Graeme was spending all his time on other people’s agendas. His diary was packed with back to back meetings, his emails were out of control, budget forecasts and project reports were relentless and of course staff issues were constantly distracting him. He had no time to think about tomorrow’s agenda, to ponder the strategic issues they faced, reflect on his own leadership or schedule conversations with key influencers in the business. He was ready for a breakthrough in his personal time availability and control of his day. He realised that what was missing was scheduling free time. That would mean learning to say no and making more requests of his team.
At first, he encountered his own resistance to the concept of scheduling free time in his diary. But, he was determined to get off the treadmill and end the conversation in his head that, “If I don’t do enough, they won’t like me.”
He also encountered opposition from those around him who were used to him being on tap 24/7. He experimented with blocking out a half day per week outside the office, free from interruptions. He took the opportunity to reflect on tomorrow’s agenda, including how his organisation could be better prepared to meet the strategic challenges ahead. He shared insights with people from other industry sectors. His free time enabled him to do the deep thinking that was not possible while he was always on.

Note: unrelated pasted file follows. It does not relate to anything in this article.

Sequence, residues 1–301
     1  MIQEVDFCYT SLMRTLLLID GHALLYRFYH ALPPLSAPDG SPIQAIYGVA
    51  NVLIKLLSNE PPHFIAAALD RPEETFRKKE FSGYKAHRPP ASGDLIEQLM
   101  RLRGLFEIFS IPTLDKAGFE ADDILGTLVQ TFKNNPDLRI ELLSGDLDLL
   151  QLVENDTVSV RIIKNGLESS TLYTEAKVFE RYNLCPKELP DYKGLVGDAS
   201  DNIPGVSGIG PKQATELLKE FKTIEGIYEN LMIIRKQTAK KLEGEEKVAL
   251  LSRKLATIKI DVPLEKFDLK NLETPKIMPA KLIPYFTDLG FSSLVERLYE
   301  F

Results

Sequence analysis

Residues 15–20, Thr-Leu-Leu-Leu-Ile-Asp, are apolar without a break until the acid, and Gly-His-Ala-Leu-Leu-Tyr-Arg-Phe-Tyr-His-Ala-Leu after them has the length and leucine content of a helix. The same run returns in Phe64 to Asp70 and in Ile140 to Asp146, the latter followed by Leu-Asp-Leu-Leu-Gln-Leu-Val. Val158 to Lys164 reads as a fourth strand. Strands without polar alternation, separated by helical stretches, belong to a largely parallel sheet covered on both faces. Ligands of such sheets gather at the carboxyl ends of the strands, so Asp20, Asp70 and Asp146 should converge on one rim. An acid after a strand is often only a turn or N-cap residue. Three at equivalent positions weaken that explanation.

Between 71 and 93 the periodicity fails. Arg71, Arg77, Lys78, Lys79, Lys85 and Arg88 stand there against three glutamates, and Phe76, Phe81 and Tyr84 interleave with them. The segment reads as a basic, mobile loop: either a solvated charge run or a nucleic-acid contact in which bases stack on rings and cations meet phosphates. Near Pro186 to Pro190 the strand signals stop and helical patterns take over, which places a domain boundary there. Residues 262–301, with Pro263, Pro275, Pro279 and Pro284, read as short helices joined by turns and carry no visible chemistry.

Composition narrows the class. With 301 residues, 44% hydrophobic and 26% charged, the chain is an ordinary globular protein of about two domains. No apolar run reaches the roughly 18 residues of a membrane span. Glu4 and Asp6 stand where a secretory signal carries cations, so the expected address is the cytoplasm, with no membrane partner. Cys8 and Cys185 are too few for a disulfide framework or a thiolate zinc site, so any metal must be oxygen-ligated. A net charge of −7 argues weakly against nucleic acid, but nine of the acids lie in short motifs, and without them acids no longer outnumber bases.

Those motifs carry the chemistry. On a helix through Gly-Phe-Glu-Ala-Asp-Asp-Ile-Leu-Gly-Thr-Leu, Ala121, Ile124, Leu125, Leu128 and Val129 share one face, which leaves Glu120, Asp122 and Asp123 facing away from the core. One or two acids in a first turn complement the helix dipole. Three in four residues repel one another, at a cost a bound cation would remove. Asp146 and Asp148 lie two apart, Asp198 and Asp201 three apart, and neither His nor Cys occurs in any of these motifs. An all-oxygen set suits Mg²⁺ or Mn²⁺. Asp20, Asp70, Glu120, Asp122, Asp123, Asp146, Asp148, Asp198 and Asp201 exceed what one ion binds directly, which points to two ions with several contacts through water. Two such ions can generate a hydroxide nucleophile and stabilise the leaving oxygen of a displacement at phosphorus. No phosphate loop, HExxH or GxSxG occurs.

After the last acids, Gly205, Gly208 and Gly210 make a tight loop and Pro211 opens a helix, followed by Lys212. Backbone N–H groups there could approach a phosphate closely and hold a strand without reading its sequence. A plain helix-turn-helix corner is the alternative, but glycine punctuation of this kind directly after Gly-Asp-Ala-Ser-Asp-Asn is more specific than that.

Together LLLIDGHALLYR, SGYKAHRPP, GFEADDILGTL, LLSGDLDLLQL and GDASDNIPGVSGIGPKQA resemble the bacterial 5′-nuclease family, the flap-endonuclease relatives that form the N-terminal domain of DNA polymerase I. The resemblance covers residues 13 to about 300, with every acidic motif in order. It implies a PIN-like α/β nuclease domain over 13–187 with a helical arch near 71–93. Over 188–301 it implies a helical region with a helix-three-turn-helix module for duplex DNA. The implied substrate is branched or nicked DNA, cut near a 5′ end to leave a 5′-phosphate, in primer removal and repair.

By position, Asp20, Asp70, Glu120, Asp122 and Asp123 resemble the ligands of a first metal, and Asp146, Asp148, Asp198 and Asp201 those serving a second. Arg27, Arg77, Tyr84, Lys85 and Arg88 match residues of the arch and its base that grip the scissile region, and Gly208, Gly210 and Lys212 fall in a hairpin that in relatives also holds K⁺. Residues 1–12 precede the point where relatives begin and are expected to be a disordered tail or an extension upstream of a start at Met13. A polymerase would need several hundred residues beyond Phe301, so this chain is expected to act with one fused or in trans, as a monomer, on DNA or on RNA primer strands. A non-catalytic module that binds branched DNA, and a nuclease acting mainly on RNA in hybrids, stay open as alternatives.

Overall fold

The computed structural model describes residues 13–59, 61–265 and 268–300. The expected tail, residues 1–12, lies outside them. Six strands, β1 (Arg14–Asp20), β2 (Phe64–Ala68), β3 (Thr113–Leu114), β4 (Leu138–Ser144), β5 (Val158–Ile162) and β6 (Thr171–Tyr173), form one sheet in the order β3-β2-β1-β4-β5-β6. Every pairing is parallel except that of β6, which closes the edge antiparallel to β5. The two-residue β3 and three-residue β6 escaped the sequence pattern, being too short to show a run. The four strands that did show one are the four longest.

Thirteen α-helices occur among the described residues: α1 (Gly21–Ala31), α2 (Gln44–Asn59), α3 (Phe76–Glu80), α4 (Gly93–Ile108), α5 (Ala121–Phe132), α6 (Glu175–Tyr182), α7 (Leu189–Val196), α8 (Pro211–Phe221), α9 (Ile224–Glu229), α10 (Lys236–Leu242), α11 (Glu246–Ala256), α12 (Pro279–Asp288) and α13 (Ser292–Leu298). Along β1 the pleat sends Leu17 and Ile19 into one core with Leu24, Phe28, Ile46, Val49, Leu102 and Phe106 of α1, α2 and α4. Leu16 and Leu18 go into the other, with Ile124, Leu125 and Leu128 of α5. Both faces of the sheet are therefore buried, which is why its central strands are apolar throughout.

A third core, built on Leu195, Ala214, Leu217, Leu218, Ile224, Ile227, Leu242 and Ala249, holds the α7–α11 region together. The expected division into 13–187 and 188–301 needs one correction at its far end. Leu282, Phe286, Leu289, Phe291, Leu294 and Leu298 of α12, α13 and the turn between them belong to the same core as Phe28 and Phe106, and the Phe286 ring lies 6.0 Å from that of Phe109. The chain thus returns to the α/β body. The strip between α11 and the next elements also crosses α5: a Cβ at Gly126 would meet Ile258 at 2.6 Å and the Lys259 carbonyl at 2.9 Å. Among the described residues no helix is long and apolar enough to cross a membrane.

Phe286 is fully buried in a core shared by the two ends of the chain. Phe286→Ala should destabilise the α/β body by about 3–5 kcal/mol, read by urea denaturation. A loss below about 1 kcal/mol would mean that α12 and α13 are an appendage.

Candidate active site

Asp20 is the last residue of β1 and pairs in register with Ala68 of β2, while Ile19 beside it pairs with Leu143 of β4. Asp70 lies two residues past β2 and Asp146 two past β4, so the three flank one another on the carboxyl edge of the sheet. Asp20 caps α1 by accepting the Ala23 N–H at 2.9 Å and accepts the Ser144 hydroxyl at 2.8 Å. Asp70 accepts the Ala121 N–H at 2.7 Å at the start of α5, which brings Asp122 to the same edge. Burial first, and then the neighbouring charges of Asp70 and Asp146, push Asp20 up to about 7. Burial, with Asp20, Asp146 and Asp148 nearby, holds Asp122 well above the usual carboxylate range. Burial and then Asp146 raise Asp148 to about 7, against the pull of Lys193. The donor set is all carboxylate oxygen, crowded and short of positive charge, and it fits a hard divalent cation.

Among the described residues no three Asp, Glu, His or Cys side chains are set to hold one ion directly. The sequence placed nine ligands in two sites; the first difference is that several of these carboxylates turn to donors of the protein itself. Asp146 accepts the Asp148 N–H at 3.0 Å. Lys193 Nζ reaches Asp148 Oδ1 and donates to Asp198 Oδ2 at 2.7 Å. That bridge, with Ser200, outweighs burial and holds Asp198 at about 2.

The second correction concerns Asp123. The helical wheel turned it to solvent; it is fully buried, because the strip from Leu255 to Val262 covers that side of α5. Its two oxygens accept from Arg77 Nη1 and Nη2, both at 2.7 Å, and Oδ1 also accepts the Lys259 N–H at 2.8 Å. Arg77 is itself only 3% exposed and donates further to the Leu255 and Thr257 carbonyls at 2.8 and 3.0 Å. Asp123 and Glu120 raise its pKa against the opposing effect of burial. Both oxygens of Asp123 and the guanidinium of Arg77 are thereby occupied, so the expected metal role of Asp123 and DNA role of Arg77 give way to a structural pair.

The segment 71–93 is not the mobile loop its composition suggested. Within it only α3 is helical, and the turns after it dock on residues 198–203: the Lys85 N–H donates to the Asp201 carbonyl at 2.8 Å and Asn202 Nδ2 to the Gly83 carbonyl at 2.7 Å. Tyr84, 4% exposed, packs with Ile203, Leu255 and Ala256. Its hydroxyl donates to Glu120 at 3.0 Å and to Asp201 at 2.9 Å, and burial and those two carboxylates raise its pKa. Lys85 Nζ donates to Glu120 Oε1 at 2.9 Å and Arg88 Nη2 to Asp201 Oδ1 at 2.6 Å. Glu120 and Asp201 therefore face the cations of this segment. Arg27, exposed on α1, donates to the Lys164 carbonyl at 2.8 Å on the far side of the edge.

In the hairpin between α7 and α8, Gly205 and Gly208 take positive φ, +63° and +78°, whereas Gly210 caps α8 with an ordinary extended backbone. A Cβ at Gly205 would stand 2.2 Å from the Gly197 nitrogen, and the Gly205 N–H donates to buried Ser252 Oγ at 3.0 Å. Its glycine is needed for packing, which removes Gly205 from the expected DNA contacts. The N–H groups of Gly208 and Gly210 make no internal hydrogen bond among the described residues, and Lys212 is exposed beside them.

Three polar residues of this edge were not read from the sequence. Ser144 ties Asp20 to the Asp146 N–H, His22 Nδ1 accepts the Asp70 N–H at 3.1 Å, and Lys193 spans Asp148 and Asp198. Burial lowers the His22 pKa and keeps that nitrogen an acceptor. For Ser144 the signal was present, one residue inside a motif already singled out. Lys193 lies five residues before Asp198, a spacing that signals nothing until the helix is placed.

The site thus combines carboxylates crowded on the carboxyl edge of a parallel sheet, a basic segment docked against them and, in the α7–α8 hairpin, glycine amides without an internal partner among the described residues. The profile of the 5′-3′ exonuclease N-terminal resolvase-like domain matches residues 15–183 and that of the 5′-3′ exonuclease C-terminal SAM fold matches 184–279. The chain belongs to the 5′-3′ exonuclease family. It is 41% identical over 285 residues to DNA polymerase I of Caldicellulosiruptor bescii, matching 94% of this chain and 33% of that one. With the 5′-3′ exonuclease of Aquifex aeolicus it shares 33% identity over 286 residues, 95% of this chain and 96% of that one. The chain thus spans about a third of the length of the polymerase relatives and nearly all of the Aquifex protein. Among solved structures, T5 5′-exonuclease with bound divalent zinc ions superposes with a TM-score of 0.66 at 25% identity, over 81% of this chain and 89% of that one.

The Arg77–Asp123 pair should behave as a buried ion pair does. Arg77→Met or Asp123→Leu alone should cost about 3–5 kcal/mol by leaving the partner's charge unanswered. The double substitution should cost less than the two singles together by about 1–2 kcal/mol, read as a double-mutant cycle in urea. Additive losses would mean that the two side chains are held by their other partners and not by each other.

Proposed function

As a result, Graeme’s unit of the business was well placed when a major reorganisation was proposed. He was recognised for his strategic leadership capability and took a big new role in the reshuffle. He extended his free time practice to a day per week and it has become a non-negotiable habit which people around him now understand and accept.
In his book, Deep Work: Rules for Focused Success in a Distracted World, Cal Newport argues for carving out time for us to do the deep thinking that we are unable to do while life is pressing in on us. He believes that, “The ability to perform deep work is becoming increasingly rare at exactly the same time it is becoming increasingly valuable in our economy. As a consequence, the few who cultivate this skill, and then make it the core of their working life, will thrive.”
Are you creating free time?
Best regards, Brian
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